Paternalism in Psychiatry: Anorexia Nervosa, Decision-Making Capacity, and Compulsory Treatment
Decision-making capacity or mental competence is one of the most intensively discussed concepts in contemporary bioethics and medical ethics. In this paper I argue that anorexia nervosa, an eating disorder primarily afflicting adolescent girls and young women, seriously challenges what I label the traditional account of decision-making capacity. In light of these results, it may in addition be necessary to rethink a certain popular type of paternalistic argumentation that grounds the justification of compulsory treatment, for example of anorexic persons who refuse treatment, on a lack of decision-making capacity.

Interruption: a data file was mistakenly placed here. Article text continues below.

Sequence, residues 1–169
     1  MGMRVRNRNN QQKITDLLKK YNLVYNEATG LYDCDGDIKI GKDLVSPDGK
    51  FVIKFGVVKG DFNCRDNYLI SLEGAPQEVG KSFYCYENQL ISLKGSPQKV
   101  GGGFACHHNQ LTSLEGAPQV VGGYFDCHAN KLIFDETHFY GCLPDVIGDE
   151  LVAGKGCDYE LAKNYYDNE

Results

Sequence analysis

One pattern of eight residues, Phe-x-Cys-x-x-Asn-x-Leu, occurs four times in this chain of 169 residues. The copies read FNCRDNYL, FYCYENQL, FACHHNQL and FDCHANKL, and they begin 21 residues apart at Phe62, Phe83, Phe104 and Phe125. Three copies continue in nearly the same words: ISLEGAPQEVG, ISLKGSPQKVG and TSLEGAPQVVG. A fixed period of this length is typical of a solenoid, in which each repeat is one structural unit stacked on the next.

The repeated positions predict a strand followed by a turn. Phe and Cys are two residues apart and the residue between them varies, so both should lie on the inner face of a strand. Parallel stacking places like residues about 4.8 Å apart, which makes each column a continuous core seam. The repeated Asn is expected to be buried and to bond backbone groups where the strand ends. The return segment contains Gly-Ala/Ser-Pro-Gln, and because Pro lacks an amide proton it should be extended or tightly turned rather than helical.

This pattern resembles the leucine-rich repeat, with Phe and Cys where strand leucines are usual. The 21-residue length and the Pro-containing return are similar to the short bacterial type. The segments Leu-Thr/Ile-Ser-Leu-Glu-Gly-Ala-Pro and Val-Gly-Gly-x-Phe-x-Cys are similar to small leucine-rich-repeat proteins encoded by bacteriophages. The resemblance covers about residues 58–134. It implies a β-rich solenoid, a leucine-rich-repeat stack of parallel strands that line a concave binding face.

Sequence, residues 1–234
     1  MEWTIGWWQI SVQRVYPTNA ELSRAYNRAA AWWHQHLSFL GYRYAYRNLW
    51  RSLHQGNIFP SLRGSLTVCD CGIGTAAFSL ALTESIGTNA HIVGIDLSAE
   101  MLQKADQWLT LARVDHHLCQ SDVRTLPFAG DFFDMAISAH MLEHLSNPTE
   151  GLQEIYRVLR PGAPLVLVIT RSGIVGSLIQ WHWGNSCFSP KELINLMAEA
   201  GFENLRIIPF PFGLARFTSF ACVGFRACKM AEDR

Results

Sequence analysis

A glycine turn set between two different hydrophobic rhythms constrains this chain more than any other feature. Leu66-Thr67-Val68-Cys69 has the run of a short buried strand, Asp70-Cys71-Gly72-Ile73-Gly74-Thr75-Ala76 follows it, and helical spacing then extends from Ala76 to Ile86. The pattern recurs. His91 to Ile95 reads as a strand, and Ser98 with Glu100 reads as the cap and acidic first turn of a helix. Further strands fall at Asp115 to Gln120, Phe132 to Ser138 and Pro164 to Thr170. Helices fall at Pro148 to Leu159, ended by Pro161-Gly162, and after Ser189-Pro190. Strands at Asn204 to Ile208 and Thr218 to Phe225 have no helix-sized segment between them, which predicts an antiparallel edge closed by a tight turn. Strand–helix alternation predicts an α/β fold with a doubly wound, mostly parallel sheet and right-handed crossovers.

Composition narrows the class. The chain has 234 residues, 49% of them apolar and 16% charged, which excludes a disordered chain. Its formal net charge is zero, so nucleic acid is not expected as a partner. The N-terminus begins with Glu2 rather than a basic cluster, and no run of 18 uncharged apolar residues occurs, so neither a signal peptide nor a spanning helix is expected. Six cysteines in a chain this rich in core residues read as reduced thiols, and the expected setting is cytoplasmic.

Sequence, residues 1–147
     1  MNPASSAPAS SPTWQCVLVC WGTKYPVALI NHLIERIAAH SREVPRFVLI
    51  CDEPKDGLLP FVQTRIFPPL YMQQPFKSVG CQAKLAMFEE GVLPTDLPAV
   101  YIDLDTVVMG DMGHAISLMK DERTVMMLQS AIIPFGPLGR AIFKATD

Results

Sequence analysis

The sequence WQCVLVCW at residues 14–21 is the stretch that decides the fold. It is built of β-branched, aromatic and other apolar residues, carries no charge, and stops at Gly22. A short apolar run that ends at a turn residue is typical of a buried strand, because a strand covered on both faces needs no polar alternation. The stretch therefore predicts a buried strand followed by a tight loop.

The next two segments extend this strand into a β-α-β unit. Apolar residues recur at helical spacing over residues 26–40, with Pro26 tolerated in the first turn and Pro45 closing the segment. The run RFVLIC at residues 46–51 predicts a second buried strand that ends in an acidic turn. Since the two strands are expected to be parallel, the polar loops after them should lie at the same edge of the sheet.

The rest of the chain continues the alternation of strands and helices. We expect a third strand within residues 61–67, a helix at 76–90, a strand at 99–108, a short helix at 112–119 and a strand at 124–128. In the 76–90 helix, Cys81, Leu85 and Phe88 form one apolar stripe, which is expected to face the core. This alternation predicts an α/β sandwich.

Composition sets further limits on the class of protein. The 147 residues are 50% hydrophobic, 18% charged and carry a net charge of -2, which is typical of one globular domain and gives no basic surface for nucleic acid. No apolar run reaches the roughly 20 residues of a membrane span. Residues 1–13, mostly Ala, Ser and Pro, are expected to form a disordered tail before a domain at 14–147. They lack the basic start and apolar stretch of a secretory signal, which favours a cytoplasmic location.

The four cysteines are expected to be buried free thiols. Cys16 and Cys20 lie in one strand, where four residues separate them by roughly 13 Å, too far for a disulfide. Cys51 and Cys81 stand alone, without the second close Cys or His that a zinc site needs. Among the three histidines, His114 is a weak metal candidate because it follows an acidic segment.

KeywordsAnorexia Nervosa Eating Disorder Traditional Account Mental Time Travel Semantic Argument
I thank audiences in Hamburg, Lübeck and Bochum for extremely helpful comments. Special thanks are due to Jochen Vollmann, Adrian Viens, Thomas Schramme, Iara Cury and Michael Dunn.
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